NEW YORK (WOMENSENEWS)–Chandra Thomas is having a hard time sitting down. She pops off her stool like a jack-in-the-box and lands on the floor next to the two teens she mentors at ViBe Theater Experience, a nonprofit community arts group for young women in New York City.
Thomas is leading a small group of female teens–most from low-income, minority backgrounds–through the writing, staging, rehearsal and performance of an original play with an all-female cast, “Elevator Muzik: What Goes Up Must Come Down.”
Thomas’ eyes grow wide and she holds out her hands and questions the teens as though it were the most important question of their lives: “So what are you two really trying to say to the audience here? What do they need to know?”
Erin Johnson, 18, barefoot and dressed in a polka dot T-shirt, purses her lips before answering. “That the way teenage girls think is deeper than it seems. Like we might be worrying about a pimple, but it’s not vanity. We’re really asking, am I a beautiful person?”
This is a typical moment at ViBe, a five-year-old group that has produced 15 full-length plays for over 4,000 audience members and worked with over 100 urban teens between the ages of 13 and 19.
At a time when young women are often the silent subject of a cacophonous public debate–the scandal over radio host Don Imus, sex education in public schools, accusations of misogyny directed toward hip-hop culture–ViBe Theater Experience provides them the chance to speak for themselves. Founders Dana Edell and Chandra Thomas encourage participants to write their own material, shape their own stories and perform in a style called a “devised” or “collage” play that interweaves their experiences in a thematic way.
Placing Trust in Young Women
In some ways ViBe is rooted in the experimental 1970s-era feminist theater movement that drew performance material from real-life events. In other ways, it joins the current social-justice trend of using theater in an attempt to transform society and rectify oppression. Whatever its ideological wellspring, ViBe founders say their program is successful because of the trust they place in the young women they mentor, who walk away from the program with a deeper sense of self and a developed capacity to communicate the self to the world.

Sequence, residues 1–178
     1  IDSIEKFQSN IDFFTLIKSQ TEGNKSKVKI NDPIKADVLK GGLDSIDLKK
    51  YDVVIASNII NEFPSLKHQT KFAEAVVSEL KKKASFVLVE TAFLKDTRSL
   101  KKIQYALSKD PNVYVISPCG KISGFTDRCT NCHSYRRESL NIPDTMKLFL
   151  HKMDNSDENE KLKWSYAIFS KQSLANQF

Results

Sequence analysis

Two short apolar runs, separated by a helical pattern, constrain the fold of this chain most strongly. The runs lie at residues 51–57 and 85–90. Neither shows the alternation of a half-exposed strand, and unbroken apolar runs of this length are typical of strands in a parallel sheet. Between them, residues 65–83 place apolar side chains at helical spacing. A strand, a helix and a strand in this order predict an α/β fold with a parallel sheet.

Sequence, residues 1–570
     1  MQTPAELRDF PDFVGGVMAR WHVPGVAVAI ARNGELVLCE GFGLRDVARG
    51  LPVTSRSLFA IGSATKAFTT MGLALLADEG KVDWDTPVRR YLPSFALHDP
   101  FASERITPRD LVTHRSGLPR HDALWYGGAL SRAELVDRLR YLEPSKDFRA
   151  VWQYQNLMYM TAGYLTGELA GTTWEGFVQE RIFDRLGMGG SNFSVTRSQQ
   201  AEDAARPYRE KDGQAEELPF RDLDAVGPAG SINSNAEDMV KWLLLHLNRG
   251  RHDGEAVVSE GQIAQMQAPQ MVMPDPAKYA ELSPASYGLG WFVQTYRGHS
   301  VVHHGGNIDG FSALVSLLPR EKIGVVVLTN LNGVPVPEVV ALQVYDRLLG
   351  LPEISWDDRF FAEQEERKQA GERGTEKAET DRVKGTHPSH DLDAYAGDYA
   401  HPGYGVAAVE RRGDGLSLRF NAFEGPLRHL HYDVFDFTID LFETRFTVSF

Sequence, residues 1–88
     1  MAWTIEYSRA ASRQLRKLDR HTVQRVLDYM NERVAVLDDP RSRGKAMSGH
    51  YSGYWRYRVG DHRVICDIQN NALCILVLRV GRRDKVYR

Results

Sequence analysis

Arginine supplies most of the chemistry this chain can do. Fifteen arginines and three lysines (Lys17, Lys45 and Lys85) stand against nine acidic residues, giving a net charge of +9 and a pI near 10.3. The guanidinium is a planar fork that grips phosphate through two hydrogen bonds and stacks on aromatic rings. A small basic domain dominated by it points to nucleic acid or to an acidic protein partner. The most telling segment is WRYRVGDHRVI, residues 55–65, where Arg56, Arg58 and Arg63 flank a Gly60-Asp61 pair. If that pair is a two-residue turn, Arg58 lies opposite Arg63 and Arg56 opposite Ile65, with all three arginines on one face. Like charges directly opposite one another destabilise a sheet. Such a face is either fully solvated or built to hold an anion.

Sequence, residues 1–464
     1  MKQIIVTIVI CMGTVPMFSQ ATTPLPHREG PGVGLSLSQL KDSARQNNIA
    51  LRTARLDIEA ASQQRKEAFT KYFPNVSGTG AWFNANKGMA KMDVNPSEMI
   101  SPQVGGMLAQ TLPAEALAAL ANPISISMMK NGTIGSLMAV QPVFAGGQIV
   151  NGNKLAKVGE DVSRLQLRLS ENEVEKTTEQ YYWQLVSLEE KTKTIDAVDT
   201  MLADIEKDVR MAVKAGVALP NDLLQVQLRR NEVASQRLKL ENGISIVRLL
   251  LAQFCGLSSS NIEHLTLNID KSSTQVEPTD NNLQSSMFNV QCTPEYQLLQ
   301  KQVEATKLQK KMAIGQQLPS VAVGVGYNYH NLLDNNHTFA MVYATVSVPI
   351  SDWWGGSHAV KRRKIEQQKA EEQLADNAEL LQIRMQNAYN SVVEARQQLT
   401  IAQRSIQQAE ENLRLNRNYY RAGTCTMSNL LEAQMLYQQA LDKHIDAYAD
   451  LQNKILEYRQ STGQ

“Our entire foundation and mission is to provide them with the space to say what they need to say. Not what we need to say, but what they need to say. We have no directing agenda. We have no social service agenda,” Edell says.
ViBe began as a summer project of Edell and Thomas in 2002 when they were graduate students at Columbia University. They were both disenchanted with the lack of involvement that students and faculty tended to have with the larger, neighboring Harlem community and saw theater as a way to bridge the gap.
From a group of just eight high school-aged girls that summer, ViBe grew into a multifaceted theater and arts education curriculum that includes a teaching staff of four and an annual budget of $91,000. ViBe uses donated office space as its administrative hub and donated rehearsal and performance space in various locations throughout New York, most often at Here Arts Center, where “Elevator Musik” will be performed May 28 and 29.
ViBe runs a “SongMakers” program that offers female teens from New York’s poorest schools the opportunity to write and perform original songs. Three CDs of original music have been produced from the program. ViBe also collaborates with New York-based nonprofit Girls Write Now to produce “Girls Life Adventure,” in which participants engage a contemporary cultural issue through creative writing.